DENVER -- Inside a packed committee room Wednesday, the Denver City Council advanced a measure that would limit how much interaction city employees would have with federal immigration agents.
The measure puts into city code for the most part what Denver agencies practice already -- prohibiting deputies from complying with Immigration and Customs Enforcement detainer hold requests, never asking for an arrested individual's immigration status, prohibiting in-person interviews from ICE officials in jails, and not informing ICE when individuals they are interested in are about to be released unless they are violent felons.
Councilman Kevin Flynn voted against the proposal Wednesday out of concern this does nothing other than put into code current government practices.
It does not address additional concerns many have such as ICE being allowed to show up at courthouses.
"We are not making any changes that will provide the safety and security I've heard people ask for in the community," Flynn said.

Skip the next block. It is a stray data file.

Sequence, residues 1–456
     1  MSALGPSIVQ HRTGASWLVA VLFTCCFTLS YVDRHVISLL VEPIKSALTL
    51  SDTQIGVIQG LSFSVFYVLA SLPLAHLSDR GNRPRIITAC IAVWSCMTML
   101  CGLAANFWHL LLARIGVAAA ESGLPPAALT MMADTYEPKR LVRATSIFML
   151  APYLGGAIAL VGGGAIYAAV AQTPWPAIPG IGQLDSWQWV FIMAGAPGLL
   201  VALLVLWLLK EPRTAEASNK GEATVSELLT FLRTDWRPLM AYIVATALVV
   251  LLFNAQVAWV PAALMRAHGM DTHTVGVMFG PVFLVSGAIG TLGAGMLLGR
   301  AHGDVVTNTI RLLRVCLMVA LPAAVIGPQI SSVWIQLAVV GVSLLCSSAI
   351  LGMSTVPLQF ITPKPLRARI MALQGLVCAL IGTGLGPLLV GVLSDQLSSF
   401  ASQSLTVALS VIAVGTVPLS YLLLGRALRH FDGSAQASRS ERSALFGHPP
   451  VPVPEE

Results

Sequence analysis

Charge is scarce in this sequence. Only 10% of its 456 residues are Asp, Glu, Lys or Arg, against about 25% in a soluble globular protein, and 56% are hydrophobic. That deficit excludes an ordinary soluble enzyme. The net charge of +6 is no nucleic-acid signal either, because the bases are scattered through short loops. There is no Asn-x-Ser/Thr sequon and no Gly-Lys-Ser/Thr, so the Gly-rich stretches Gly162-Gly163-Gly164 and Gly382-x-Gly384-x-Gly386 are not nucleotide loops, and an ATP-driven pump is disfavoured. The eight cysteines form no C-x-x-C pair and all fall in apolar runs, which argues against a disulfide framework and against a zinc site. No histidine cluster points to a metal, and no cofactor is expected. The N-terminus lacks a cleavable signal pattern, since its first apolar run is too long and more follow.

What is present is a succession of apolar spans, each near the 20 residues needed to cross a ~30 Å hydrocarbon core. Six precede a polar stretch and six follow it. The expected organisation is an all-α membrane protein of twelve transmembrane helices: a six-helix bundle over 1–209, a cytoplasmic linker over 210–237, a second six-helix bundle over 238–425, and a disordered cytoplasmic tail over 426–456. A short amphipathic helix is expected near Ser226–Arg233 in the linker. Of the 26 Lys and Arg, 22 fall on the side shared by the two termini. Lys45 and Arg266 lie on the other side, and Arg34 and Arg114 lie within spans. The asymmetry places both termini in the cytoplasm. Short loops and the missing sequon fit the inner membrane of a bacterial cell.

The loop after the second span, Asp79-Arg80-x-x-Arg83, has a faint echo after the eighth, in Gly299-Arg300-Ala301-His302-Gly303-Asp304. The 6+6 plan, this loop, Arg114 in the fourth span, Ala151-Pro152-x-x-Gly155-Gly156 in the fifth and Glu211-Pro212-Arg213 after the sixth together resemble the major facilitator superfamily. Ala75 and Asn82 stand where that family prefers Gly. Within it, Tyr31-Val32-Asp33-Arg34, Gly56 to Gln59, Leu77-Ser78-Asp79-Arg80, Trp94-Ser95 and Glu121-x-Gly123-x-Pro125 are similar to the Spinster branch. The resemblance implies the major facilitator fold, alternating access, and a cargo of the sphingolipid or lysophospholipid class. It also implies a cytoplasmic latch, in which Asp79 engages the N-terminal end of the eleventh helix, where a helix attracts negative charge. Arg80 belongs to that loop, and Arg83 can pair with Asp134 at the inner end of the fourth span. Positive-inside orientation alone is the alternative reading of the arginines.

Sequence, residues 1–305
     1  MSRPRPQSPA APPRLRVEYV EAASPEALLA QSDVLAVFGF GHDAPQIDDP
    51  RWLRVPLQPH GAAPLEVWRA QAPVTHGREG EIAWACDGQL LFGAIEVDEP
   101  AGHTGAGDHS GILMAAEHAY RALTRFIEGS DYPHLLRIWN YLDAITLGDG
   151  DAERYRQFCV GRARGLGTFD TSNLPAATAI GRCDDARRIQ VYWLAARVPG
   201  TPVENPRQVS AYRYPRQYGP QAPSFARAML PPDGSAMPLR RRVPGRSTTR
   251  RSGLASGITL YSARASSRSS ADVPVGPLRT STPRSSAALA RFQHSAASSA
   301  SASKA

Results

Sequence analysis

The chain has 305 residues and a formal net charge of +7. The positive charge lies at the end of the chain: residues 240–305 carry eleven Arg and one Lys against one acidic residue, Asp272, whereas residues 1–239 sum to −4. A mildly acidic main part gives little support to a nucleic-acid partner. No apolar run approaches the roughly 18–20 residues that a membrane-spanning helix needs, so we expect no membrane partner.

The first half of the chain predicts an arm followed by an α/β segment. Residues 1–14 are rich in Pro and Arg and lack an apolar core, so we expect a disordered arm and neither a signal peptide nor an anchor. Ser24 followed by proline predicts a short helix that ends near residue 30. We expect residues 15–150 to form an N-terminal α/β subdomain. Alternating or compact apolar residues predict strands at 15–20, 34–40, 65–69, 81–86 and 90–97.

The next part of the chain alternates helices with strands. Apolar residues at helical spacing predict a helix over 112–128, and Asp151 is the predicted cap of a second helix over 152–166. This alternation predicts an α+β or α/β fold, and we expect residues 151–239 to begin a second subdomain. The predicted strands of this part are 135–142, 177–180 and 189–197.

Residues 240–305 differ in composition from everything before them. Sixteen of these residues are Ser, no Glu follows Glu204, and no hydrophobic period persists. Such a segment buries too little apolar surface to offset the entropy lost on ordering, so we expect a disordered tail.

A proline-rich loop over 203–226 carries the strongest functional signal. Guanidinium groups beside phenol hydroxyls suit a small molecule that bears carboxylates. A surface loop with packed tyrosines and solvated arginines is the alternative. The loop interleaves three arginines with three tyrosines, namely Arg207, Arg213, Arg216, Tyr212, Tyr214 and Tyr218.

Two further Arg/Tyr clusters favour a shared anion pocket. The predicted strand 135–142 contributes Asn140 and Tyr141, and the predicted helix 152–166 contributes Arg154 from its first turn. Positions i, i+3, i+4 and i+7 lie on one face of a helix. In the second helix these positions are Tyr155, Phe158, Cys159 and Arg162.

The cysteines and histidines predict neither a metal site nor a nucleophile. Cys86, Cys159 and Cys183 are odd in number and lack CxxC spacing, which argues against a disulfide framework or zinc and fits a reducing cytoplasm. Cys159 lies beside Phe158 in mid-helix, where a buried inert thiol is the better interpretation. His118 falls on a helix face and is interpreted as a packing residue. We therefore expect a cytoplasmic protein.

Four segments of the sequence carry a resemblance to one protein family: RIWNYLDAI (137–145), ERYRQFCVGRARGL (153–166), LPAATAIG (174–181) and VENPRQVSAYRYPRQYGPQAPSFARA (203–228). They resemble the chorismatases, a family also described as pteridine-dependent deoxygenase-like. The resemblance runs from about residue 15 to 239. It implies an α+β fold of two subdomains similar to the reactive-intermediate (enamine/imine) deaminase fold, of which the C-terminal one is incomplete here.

But Paul Lopez, a city council member behind the proposal, said it's about sending a message to the community.
"There is a lot of fear out there from folks in our immigrant community, their neighbors. There is just a fear and hesitation to call the police," Lopez said.
Lopez stopped short -- like most city officials -- from calling Denver a sanctuary city. However, the proposals raise the question whether they will impact federal funding.
Previously, the Trump administration expressed a desire to cut funding to so-called sanctuary cities.
"We don't feel this ordinance puts us at any crosshairs for losing federal funds," Lopez said.
Mayor Michael Hancock has drafted a potential executive order that would address many of the same goals the proposed ordinance would accomplish.
Some speculated there might have been a feud between the mayor and the council over the proposed issue, but he said Wednesday there was no showdown.
The proposed ordinance will go in front of full city council later this month.